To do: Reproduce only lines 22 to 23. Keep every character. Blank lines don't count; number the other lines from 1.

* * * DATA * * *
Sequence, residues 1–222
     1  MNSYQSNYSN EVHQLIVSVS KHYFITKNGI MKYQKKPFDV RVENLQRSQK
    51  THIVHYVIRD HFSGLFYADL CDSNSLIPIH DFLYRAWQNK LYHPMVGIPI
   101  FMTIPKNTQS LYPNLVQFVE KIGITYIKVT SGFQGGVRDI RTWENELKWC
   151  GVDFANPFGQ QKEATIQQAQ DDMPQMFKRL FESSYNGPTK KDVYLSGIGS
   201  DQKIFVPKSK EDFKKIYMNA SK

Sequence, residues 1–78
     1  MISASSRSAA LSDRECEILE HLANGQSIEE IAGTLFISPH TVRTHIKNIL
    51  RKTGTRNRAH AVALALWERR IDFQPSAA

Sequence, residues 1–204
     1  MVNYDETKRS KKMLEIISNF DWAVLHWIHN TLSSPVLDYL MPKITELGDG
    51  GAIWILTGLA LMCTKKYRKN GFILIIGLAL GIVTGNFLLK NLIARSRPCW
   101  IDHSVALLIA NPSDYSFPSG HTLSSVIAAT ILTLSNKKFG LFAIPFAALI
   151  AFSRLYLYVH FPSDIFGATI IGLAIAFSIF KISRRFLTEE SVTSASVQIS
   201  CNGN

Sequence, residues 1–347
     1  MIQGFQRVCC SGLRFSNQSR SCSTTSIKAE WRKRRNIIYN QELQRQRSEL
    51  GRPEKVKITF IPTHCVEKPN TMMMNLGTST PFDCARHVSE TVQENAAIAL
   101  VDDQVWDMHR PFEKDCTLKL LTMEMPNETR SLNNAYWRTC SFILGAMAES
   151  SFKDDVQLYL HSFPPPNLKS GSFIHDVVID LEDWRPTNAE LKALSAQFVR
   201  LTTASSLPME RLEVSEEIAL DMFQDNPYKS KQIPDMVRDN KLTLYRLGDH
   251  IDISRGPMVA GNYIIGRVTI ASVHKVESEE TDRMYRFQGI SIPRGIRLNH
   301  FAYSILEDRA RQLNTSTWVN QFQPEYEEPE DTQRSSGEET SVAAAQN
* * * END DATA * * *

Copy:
   251  IDISRGPMVA GNYIIGRVTI ASVHKVESEE TDRMYRFQGI SIPRGIRLNH
   301  FAYSILEDRA RQLNTSTWVN QFQPEYEEPE DTQRSSGEET SVAAAQN